Barrow, Suffolk

Barrow, Suffolk


Barrow is a village about eight miles west of Bury St Edmunds.

According to Eilert Ekwallthe meaning of the village name is grove or wood, hill or mound. The Domesday Book records the population of Barrow in 1086 to have been 27.

A circular walk around the village is known as "walking around Crattle" named after its main feature - Crattle Hill. The walk is 2.45 miles long and passes All Saints Church, Park Pond, and the cemetery. The small hamlet of Burthorpe Green is attached to Barrow.

The playing field in the centre of the village is bordered by 19 poplar trees.

On the small road to Risby is a large steep hill known locally as Bread and Water Hill.

The village has two pubs - The Three Horseshoes, and The Weeping Willow.

Barrow is two miles from the A14 and nearby include Higham, Denham, Risby, Great Saxham, Little Saxham, Ousden, Wickhambrook, Hargrave, Tuddenham, Chevington, Chedburgh, Dalham, and Gazeley.

The parish church is the 14th century All Saints Church, situated a mile from the main village close to the boundary with Higham. The church contains an altar tomb in the chancel with effigy brasses, arms, and long eulogistic inscription, for Sir Clement Higham.

There is also a small Baptist Chapel in the village.

Near the village school is a stone set into the pavement that is said to mark where a highwayman was once hanged. Mr Macrow of Barrow Hall was collecting the parish tithes in 1789 when he was shot at by a highwayman. The villain's horse lost a shoe, which enabled him to be tracked down and hanged on that spot - even though he didn't actually hit his intended victim. A tale has attached itself to the stone that it is supposed to turn over at midnight on every New Year's Eve.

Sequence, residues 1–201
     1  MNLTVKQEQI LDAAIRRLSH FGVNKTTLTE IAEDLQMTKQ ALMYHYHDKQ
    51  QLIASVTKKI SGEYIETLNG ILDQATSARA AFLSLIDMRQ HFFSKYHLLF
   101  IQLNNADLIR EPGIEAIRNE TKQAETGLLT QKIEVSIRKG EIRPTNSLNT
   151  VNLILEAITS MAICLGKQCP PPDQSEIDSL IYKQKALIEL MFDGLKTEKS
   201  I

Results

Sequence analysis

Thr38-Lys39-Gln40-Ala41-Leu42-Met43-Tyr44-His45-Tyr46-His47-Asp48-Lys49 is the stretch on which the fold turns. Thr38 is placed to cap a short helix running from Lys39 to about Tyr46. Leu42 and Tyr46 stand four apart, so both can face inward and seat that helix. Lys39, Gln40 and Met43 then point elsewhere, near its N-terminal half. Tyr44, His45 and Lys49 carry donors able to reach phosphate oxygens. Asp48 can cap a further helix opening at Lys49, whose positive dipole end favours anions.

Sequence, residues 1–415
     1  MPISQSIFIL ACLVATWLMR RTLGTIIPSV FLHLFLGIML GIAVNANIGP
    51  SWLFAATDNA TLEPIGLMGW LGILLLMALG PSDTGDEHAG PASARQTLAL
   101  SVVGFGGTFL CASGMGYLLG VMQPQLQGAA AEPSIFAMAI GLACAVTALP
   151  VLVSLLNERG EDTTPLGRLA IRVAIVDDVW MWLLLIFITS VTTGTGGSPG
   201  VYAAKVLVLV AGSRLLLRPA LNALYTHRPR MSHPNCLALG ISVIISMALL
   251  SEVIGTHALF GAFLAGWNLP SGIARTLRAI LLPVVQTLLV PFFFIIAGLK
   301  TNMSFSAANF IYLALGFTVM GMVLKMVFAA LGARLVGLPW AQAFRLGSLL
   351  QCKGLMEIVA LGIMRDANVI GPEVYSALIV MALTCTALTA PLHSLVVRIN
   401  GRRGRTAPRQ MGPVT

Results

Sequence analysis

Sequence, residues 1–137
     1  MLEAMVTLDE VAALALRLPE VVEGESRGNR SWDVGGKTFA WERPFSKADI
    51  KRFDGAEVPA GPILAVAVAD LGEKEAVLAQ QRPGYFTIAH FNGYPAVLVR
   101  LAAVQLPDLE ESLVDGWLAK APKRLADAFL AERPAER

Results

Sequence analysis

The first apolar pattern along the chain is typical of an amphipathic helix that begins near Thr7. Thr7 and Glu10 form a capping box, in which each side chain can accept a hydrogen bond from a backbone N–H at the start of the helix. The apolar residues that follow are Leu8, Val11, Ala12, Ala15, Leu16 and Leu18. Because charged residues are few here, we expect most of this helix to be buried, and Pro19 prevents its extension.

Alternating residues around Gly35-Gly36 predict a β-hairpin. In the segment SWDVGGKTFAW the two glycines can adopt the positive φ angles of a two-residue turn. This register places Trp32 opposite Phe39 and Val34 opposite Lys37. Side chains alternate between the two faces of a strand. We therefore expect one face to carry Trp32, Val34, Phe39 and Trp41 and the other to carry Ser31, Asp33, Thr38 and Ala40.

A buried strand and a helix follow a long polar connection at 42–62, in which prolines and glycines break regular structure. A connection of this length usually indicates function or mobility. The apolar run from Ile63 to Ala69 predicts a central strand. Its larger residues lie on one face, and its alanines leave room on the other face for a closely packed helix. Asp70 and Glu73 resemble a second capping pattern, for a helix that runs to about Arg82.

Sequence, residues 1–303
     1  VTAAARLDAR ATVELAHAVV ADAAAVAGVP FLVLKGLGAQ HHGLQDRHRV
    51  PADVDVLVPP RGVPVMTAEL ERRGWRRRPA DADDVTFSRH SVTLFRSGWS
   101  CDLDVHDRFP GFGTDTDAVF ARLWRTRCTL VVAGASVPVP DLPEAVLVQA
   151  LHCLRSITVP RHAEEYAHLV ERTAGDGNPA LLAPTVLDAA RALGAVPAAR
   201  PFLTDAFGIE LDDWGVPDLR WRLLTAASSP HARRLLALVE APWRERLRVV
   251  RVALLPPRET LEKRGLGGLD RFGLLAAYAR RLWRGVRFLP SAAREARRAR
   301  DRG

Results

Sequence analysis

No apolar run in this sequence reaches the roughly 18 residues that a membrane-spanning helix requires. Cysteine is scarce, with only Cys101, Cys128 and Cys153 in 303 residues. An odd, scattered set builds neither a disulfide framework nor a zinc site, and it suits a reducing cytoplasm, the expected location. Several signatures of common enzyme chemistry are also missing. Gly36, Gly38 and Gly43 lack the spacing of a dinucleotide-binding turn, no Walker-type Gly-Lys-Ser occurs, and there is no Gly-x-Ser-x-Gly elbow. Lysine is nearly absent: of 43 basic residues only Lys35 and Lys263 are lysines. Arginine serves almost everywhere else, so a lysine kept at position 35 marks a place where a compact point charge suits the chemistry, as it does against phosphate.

On May 29, 1980, a low-flying RAF Hawker Hunter T7 (XL597 of 216 Squadron) fighter aircraft crashed, following a loss of power due to a fuel systems fault, into fields south of Little Saxham church. The crew bailed out over Barrow. There followed a RAF and police recovery operation - which included an extensive search of Barrow for an ejector seat. A RAF air-sea rescue helicopter attempted a landing on Barrow village green, seemingly giving up due to overhead cables.



A butterfly farm was opened in Colethorpe Lane, Barrow, in March 1987, by Tropical Butterflies (Barrow) Limited - its proprietor being the former Barrow GP Doctor J Sumpton; the farm closed in the September 1989.

The farm included (constructed in 1988) a 15in narrow-gauge railway loop 350 yards in length - with a single locomotive named "Chough". This locomotive still runs in Bear Creek Park Miniature Railway, Surrey, British Columbia, Canada.

According to the Office for National Statistics, at the time of the United Kingdom Census 2001, Barrow had a population of 1,429 with 590 households.